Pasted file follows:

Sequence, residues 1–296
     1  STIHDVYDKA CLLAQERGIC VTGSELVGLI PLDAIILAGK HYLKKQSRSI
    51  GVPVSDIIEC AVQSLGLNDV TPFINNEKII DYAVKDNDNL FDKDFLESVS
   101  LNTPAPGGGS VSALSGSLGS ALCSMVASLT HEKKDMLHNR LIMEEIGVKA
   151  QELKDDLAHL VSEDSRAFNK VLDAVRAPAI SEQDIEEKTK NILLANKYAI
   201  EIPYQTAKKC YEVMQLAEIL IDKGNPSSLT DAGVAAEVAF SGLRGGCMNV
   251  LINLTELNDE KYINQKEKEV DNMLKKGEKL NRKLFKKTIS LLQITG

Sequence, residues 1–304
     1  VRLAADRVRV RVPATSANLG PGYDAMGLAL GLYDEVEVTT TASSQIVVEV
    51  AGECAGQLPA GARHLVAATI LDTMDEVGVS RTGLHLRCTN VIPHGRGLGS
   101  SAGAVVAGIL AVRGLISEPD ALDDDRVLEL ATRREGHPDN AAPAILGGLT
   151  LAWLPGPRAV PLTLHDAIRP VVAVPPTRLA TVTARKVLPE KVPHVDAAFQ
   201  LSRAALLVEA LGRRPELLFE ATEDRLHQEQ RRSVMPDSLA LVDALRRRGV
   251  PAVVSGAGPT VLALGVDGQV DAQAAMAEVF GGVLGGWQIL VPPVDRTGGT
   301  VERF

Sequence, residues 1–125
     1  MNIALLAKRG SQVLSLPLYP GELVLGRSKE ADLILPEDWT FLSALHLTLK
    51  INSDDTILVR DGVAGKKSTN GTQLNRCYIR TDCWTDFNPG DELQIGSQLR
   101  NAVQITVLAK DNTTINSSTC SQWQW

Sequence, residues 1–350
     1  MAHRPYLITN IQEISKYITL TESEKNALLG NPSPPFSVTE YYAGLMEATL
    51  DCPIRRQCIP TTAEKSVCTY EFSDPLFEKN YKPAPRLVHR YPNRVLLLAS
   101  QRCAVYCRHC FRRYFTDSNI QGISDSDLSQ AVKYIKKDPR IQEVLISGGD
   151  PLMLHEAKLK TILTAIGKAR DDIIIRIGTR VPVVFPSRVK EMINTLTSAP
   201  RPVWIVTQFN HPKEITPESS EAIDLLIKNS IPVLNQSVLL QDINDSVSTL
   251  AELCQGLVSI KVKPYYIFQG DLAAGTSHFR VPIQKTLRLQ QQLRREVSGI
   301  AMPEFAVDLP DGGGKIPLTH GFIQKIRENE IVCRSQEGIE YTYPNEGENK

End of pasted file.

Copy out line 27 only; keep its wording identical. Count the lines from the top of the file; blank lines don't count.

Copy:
   301  AMPEFAVDLP DGGGKIPLTH GFIQKIRENE IVCRSQEGIE YTYPNEGENK